Black experiences on the Prairies are deep, rich and longstanding. The history and present lives of Black people in Alberta, Saskatchewan and Manitoba are an integral part of the Prairie experience.
These are some of the messages that emerged from a recent CBC Asks event as part of the ongoing conversation ignited by CBC's Black on the Prairies project. Black on the Prairies is a collection of journalistic articles, personal essays, images, audio stories.
The theme of the CBC Asks event was, "Where have we been? Where are we going?"
It featured Gerri Sylvia, who appeared in the 1961 CBC Manitoba documentary Eye-To-Eye, which explored racism and social acceptance for Black people at the time. Sylvia said she was refused four job opportunities that year in Winnipeg because of the colour of her skin.
Sixty years later, Sylvia reflected on that time.
"Things are good now, but they weren't always that good. I don't want my daughter, my granddaughter and the next generation of Black people to have some of the problems that I had," the 89-year-old said.
WATCH: Gerri Sylvia looks back 60 years after appearing in CBC documentary Eye-To-Eye
Panelists reflected on Sylvia's experience and talked about their relationships with the Prairies.
"I love the Prairies. The people make a place. I know a lot of beautiful people on the Prairies that just make it such a beautiful place to be," Métis Dominican community and regional planning student Kyla Pascal said. Pascal is originally from Alberta and currently lives in Vancouver.
"I am a Prairie kid. I love the Prairies. I love the Prairie sunset. I love the Prairie sunrise. It was a very beautiful experience growing up. I also experienced violent racism throughout my whole life," Manitoban MLA Uzoma Asagwara added.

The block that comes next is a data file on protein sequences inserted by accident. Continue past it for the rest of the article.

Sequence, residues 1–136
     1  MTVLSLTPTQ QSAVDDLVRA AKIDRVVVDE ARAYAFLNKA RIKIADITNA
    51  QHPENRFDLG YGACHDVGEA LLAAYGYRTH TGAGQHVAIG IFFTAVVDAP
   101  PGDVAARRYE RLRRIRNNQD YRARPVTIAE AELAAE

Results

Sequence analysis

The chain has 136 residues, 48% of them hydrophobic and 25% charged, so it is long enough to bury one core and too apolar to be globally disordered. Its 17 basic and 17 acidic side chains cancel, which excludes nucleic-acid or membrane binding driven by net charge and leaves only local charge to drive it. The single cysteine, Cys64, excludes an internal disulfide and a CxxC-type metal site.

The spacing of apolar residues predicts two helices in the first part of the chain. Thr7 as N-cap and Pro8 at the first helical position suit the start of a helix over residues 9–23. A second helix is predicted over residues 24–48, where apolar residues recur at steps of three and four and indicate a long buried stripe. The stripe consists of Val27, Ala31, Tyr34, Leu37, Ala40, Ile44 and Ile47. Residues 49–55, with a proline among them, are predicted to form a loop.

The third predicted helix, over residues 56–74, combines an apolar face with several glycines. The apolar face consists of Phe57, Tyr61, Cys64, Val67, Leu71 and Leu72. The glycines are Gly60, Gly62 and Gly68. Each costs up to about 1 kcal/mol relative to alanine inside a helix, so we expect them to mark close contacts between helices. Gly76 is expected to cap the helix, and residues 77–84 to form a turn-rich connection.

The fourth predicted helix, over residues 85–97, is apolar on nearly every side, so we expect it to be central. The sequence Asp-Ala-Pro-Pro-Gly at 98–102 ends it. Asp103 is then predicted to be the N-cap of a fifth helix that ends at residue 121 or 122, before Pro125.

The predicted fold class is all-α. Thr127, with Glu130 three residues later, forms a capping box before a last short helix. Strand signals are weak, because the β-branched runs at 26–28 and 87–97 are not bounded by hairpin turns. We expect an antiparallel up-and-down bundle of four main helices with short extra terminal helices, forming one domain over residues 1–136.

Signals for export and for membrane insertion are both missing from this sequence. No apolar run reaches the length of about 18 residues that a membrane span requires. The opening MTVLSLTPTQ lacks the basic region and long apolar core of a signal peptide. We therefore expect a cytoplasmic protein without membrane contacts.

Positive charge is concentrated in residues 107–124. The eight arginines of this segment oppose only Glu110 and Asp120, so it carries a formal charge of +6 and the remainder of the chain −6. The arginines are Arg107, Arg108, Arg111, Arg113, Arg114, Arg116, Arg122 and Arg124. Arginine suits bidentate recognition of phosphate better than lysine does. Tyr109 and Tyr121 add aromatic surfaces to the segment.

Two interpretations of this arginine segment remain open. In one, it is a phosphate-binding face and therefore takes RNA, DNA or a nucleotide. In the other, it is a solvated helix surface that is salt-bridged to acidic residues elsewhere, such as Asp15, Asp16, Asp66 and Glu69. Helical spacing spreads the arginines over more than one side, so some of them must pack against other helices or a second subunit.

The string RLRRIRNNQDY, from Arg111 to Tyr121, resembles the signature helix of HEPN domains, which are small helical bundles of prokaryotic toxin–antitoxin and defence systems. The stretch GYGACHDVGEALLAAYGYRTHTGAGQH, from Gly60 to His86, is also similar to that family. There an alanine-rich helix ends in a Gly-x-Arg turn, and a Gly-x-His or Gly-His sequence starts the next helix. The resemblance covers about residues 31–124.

Saskatoon resident Lindiwe Mpofu asked panelists about Black and Indigenous relations on the Prairies.
Albertan writer and educator Bertrand Bickersteth mentioned that Black and Indigenous communities have had historical and familial ties.
"Because of all of these types of connections, we should feel confident that fighting against anti-Blackness racism can never be an end project unless we fight against anti-Indigenous racism as well," he said.
It's empowering to be able to talk about what it means to be Black here. - Uzoma Asagwara, Manitoban MLA
Panelists also shared their thoughts about the future of being Black on the Prairies.
"On the Prairies, we've been scattered. We've not been allowed to feel as though there is a Black community. But, that is changing now," Bickersteth said. "If you have a voice, you must use it. That's what brings change and that's what excites me about the future of being Black on the Prairies"
WATCH: Panelists share what gives them hope for the future
Pascal said she is excited about the acknowledgement that Black people have been on the Prairies for a long time and will continue to be so.
"We're out here. It's about being able to stand in our Blackness and not having to assimilate or change who we are, our vibes, our aesthetics to change," Pascal said.
"I want to see Black people everywhere."
The Black on the Prairies project is supported by Being Black in Canada. For more stories about the experiences of Black Canadians, check out Being Black in Canada here.